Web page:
Gunfight Friday: Remington 7600 vs. Winchester Model 70
This week’s Gunfight Friday is a battle between two mid-bores based on the .30/06: the .35 Whelen and the .338/06....
This week’s Gunfight Friday is a battle between two mid-bores based on the .30/06: the .35 Whelen and the .338/06. Both are formed by necking up .30/06 cases to hold bigger bullets, which, as one of the rifle’s owners points out, make bigger holes. For rifles, this fight pits the latest in the long line of Remington pump rifles against a classic Winchester bolt action, which has proven tough to beat here on Gunfight Friday.
Frank’s Remington 7600
My best friend, Josh, talked up the 7600 in .35 Whelen for years before I decided I absolutely had to have one—and by that time they had just about quit making them. I got lucky and found this one brand new in a country gun shop. It’s a Grice’s Gunshop special run with maple stocks. I had a recoil pad put on it because that is the way the Benoit family says it should be, but that also ruined its collector value and turned it into a shooter. I also had the trigger pull lightened and had an extended safety installed. It has a Burris 30mm European 3-9×40 scope with the illuminated German reticle. It has Talley mounts because that is the way Petzal says it should be.
Honestly, I cannot determine if it likes 200-grain Core Lokts better than the 250-grainers, or whether it’s my shoulder that likes them better. It is a fairly light gun that carries well over hill and dale. I took it to Newfoundland and made short work of a moose it at 300 yards, so I cannot complain at how it shoots. I get that the white stocks are not for everybody, but the more I look at the gun the more I like them. I put a neoprene cartridge holder over the butt stock, covering up all that shiny goodness. It is too bad the American public has not embraced the 35 Whelen. Just remember that big bullets make big holes.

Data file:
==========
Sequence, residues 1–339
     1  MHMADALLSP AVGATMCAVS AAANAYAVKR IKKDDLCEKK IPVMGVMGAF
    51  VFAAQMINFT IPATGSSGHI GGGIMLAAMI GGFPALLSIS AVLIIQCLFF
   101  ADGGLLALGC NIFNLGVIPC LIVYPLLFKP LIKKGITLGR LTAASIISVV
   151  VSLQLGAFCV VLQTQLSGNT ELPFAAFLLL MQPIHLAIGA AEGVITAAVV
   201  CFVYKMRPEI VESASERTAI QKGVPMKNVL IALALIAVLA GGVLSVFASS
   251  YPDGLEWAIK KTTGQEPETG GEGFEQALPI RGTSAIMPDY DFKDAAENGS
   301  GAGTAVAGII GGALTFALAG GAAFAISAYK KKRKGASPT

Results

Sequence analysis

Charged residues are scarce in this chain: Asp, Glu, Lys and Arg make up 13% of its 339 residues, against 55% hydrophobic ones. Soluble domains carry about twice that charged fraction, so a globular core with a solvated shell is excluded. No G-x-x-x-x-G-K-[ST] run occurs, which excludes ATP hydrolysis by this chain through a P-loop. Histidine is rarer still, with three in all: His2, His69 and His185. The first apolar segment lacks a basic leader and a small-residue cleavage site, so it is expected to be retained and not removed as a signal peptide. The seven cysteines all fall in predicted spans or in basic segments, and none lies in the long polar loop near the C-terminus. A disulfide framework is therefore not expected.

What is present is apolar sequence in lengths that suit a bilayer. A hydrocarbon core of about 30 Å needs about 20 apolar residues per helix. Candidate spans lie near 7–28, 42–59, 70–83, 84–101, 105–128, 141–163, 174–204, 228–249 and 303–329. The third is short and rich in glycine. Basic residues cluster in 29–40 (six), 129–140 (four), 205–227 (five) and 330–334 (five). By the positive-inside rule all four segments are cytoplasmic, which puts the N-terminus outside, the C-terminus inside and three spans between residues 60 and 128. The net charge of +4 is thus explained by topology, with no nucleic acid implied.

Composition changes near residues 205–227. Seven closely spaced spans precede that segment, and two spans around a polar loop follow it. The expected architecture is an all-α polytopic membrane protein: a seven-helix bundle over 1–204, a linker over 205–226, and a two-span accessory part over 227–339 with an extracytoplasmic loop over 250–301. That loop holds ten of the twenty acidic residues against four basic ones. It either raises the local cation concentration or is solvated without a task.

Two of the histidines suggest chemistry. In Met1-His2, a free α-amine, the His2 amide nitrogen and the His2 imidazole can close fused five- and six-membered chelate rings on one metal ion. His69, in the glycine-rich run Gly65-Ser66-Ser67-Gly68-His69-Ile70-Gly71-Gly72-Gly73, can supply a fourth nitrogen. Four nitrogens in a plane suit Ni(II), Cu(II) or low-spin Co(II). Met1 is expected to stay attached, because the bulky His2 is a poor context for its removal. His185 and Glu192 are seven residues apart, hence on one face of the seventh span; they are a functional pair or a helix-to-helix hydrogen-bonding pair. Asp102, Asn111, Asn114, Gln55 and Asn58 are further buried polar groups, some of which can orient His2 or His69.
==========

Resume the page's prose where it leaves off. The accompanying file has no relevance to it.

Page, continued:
T Bone’s Model 70
Those who know old Winchesters will immediately recognize this as a pre-war Model 70. This one is unique in that it is chambered for the .338/06, and it now serves as my favorite elk rifle. The rifle was a rescue project that I received in a trade. A smarter man would have walked away, for an aspiring gunsmith named Bubba worked on this rifle before me. First, the stock was cut crooked for a poorly fitted black, vented white line pad. The rear bridge was drilled and tapped, but well left of the bore axis, so a modified windage base was needed. Thankfully, checkering wasn’t part of the to-do list as it was worn nearly flat with hardly any finish remaining on the stock. The original chambering was for the .30/06, but the bore was pretty far gone from corrosion. So not wanting to deal with a re-barreling job, I sent the rifle to Clearwater Reboring to be re-cut to the .338 bore.
The .338/06 is a very fine, but under-appreciated, cartridge. The old Model 70, which at just over nine pounds with a scope is no lightweight sporter, provides a great platform for this cartridge. With the big, squishy Pachmayr pad, it is surprisingly pleasant to shoot even with stout loads. The only negative is perhaps the comb is slightly too low, but that is not really a problem now that I have handled and shot the rifle for a while.
There are your choices. You can argue rifles, calibers, or both. I don’t care what you do so long as you vote and comment below and keep the gun pictures coming to email@example.com.
Which rifle do you like better?
Frank’s Remington 7600
T Bone’s Winchester Model 70